Aside from smoking marijuana, some patients prefer to soak in it.
Sue Watson, who runs the Emerald Cross medical marijuana clinic in southwest Seattle, praised her cannabis-infused bubble bath.
"I smoke a quarter of an ounce a day and I never get stoned," she said. "I get in that bubble bath and it puts my whole body into a state of nirvana."
Watson extracts the psychoactive THC from cannabis to create sprays, tinctures and lotions: "It will actually stop bruising dead in its tracks," Watson said of her Emerald Rub. One patient healed his body-covering bleeding sores with an oral spray, she added.
Watson has been running the clinic for almost a decade. Cannabis helps treat the after-effects of her spinal cord injury and stroke.
"I take absolutely no pain pills or muscle relaxers," she said.
Another thing Watson has in common with most of the medical marijuana movement: Knowledge that often leads to activism. Watson speaks at rallies that can be watched on YouTube. She also co-wrote "The Feel-Good Cookbook: For Medical Marijuana Patients."
As a self-professed student of the plant, she lives free from paranoia, thanks in part to protection by Washington state law and the Seattle police, Watson said.
"I go to school on this every day," she said. "I'm always in search of new information."
Watson said the biggest obstacle to medical marijuana reform, aside from federal classification, is the lack of education.
"There's a lot of false information out there. People don't know how good it really is and how well it really works," she said. "I'm here to heal the world with marijuana."
Some patients see a business opportunity, not so much from selling marijuana, but from turning novice growers into master cultivators.
Armed with a degree in horticulture, a Federal Way patient sees the potential in helping others maximize their harvests.
"It's hit or miss. I rarely see high-quality grades of medical marijuana in Washington," said the 40-year-old Federal Way resident, who asked to remain anonymous.
He even claims to grow the best local cannabis, including a strain he calls "Couch Lock."
"You don't need $10,000 in equipment," he said. With knowledge of the cannabis light cycles, the novice grower can produce a quality supply with a basic setup that costs less than $1,000, he said. Cannabis requires nutrition similar to tomato plants, he said. A grow light with high ultraviolet output increases potency, while a high-pressure sodium light tends to increase the size of buds, he said. With 3,000 watts of growing power at his 3,000-square-foot house, his power bills are about $500 every two months.
While leafing through a medical marijuana magazine, he points to an advertisement for seeds from Canada. These mail-order seeds, despite their illegal status in the United States, have contributed to his success as a grower, he said. He has gained "access to a good gene pool" over the years by swapping seeds and plants with bikers or hippies, he said.
His current crop has yet to reach the flowering stages, but he is able to show off a different sample. He places an evergreen-colored bud about the size of a grape on the kitchen table. The bud, covered in white hairs, can be smelled from across the room.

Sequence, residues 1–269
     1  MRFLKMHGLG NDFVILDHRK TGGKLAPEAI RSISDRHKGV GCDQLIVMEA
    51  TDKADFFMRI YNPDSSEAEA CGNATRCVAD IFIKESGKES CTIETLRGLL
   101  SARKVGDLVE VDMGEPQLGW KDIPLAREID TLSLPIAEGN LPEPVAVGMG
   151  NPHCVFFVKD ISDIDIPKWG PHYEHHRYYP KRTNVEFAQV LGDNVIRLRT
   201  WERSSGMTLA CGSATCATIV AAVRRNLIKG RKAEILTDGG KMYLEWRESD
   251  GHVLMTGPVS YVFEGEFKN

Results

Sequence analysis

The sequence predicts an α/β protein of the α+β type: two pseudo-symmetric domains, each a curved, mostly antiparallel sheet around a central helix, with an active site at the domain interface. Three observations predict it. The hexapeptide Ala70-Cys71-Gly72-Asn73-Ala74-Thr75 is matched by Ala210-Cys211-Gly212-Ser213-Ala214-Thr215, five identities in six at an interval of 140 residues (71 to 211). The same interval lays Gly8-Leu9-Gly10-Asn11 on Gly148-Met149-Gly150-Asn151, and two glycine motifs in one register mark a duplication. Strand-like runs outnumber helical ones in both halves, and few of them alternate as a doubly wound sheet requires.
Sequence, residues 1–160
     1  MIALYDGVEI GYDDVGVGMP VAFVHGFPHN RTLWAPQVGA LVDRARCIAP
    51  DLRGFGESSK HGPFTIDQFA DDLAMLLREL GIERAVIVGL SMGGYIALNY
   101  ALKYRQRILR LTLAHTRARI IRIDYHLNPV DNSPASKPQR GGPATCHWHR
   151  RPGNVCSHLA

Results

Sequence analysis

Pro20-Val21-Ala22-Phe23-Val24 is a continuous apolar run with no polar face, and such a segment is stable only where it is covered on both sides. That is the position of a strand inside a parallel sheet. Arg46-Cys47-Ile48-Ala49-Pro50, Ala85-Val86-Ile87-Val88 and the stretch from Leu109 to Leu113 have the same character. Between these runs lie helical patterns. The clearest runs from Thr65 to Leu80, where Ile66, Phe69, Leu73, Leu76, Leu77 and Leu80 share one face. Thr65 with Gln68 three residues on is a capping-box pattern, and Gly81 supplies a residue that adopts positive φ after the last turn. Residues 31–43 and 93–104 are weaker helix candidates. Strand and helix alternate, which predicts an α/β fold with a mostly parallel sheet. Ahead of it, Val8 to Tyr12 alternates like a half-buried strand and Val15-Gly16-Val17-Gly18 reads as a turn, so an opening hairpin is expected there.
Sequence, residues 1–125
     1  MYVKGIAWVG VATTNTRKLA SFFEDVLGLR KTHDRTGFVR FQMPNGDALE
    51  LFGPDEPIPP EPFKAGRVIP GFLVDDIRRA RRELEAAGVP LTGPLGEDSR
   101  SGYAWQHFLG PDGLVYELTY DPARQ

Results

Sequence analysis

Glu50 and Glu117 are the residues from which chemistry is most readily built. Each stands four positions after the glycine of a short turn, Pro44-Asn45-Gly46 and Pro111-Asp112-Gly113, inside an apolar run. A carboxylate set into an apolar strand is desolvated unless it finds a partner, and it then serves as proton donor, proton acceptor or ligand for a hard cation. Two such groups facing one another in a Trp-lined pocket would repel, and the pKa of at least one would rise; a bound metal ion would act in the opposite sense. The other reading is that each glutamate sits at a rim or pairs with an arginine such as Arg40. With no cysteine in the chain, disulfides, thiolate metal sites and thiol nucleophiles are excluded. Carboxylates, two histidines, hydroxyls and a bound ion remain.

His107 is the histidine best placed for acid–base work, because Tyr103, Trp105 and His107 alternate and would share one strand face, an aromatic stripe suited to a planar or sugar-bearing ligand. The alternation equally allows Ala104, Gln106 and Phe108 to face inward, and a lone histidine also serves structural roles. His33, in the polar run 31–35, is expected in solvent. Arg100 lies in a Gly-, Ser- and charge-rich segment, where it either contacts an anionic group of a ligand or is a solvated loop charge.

With a few puffs of his homegrown high-quality cannabis, the resident can dull chronic pain from gout and rheumatory arthritis.
"The pain is so incredible, I'd rather take a bullet," he said, noting that he avoids prescription painkillers that "turn me into a zombie."
This patient fears thieves while praising the tolerance of local law enforcement, which confiscated all his plants one day last year, he said: "The Federal Way Police Department has been very nice to me and did a very responsible job in handling me."
Part 3 of this series touched on University of Washington student Sunil Aggarwal, who earned a Ph.D. in medical marijuana with a 395-page study.
Those who seek a simpler form of higher education can cough up a few hundred dollars for cannabis college.
"Bob," the Federal Way patient interviewed at the beginning of this series, completed a short stint at Oaksterdam University in Oakland, Calif. The school and its nearby medical marijuana dispensaries have somewhat revived downtown Oakland after years of blight. Tourists and patients alike are drawn to the area's Amsterdam-inspired tolerance of cannabis culture.
In a weekend course, Bob learned about laws, rights, politics, cooking, bud tending and how to run a dispensary in California. Leftover among his thorough course literature are glossy postcards for Bay Area clinics as well as a catalog from "Oaksterdam Nursery," featuring strains called Blueberry, Hindu Skunk and Jack the Ripper. Each strain's photo includes a breakdown in type of effects, genetics, flowering time, height and growing environment.
However, some patients learn some lessons about medical marijuana on their own.
During his pre-medical marijuana days, Bob once served 5 and a half months in jail for growing marijuana.
"I broke the law. They got me," he said.
In hindsight, the jail sentence helped plant a seed, he said.
While in jail, Bob had access to few books and resorted to reading
the phone book out of boredom. Bob, who served in the U.S. Army,
found a listing that led to contact information for a VA attorney,
which eventually led to information about medical benefits to
treat severe body pain. He credits this Yellow Pages moment
for sending him on a path toward the medical marijuana movement.
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